• Limit – you can limit the amount of each reward you have on offer. If your reward is an email of thanks (for example) then this would be unlimited, so you would simply leave this field blank. If you were offering tickets to a launch party as a reward, you may only have (say) 20 to give away, so you would put “20” in this field
      • Reward – This is where you put the description or outline of the reward you offer – e.g. “Pledge $50 and receive a personalized widget signed by well renown widget connoisseur Henri Widget” or “Pledge $100 and receive all of the rewards from the previous reward tiers plus a gold charm bracelet”
      • Collect shipping information on checkout – check this box if this reward needs to be delivered to the backer (obviously you will then need the backer’s delivery address, so if you check this box, it will prompt the backer to give their delivery address for this reward). Leave this box unchecked if you this reward does not need to be physically delivered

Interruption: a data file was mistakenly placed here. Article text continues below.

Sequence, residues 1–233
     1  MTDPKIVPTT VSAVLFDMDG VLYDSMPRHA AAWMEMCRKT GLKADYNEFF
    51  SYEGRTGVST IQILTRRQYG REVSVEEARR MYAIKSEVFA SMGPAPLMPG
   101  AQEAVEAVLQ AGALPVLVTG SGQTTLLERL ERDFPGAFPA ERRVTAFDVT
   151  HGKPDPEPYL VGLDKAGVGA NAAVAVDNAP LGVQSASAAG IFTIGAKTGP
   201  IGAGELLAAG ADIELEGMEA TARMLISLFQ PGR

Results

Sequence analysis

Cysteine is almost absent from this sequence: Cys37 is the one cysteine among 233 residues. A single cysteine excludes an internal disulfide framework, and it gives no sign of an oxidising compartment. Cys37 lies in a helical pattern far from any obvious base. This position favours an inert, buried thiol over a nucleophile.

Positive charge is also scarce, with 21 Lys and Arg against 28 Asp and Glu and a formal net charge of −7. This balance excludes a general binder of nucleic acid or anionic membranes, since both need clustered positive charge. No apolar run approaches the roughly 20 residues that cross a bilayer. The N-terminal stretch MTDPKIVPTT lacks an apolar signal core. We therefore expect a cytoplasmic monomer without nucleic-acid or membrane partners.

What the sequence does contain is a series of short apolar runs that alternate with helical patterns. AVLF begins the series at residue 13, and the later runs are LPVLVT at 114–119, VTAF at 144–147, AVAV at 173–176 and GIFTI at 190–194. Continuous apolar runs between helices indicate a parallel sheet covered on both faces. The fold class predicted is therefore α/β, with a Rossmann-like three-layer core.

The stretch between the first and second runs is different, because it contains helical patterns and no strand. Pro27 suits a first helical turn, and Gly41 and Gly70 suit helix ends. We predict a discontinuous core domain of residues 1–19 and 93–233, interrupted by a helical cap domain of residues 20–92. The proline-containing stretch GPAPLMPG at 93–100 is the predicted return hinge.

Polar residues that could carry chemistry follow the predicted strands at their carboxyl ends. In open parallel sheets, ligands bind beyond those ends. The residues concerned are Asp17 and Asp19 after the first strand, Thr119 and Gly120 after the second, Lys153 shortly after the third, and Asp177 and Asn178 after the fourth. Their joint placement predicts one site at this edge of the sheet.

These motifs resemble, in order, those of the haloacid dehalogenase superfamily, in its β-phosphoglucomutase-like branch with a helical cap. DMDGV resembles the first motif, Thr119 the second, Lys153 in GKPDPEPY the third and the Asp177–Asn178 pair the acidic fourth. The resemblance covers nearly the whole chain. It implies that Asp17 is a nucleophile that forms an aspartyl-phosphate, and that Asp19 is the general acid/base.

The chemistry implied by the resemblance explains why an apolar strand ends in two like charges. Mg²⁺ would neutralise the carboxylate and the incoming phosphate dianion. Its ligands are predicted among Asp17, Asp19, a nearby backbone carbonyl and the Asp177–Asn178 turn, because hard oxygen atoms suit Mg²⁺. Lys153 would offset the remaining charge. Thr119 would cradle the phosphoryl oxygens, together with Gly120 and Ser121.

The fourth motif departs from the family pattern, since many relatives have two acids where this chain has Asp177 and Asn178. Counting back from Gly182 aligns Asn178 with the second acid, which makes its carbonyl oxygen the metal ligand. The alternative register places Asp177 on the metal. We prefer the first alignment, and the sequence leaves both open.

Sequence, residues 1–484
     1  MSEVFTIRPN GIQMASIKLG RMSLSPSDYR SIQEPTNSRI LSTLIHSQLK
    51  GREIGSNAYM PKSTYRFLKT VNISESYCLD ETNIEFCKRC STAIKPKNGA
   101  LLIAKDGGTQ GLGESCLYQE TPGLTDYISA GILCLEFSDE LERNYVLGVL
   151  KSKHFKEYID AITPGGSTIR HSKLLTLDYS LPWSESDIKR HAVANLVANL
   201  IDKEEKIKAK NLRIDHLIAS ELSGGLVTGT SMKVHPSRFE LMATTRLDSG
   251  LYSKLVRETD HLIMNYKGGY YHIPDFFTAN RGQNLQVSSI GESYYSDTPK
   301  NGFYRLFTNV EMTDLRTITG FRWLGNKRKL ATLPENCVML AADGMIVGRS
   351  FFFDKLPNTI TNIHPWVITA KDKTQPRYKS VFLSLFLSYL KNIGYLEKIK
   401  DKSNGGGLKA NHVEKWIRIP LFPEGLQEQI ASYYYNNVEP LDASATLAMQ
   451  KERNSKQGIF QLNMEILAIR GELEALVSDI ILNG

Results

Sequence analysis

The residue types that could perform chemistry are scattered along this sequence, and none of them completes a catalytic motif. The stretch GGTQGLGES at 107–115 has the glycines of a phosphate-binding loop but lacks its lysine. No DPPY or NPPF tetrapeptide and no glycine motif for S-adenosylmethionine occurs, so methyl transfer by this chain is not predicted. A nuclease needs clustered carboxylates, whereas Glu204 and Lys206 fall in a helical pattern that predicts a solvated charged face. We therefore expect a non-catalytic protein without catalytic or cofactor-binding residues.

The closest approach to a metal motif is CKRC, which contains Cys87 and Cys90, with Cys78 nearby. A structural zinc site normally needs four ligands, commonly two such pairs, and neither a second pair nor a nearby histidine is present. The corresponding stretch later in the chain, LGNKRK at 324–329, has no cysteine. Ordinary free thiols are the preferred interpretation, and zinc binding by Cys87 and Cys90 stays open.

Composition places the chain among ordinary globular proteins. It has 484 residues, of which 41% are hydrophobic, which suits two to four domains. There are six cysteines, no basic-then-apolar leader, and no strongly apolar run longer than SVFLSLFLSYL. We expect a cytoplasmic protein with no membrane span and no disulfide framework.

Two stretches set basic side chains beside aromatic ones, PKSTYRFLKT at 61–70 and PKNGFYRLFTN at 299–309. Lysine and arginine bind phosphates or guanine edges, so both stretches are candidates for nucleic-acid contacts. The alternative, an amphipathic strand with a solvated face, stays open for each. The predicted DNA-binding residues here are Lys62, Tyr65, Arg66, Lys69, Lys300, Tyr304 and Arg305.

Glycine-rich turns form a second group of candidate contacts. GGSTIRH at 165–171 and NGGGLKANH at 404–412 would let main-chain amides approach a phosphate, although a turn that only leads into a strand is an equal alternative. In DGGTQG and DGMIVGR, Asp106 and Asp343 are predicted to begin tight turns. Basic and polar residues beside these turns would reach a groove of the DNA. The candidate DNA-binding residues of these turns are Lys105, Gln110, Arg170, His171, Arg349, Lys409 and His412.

• No rewards, donations only – check this box if you have no rewards and you wish for your backers to pledge as a donation rather than offering them something in return. This can be useful if your campaign is of a charitable nature, and people will pledge because they wish to see a positive outcome rather than pledging in expectation of receiving a reward
        • And some general help with rewards…
          • If you need more ideas for rewards, go to our Rewards page, and we’ll give you some good suggestions, as well as a list of ideas of rewards that our research reveals have worked well in the past;
          • You should nominate a date by which you can realistically deliver your rewards. This is very important.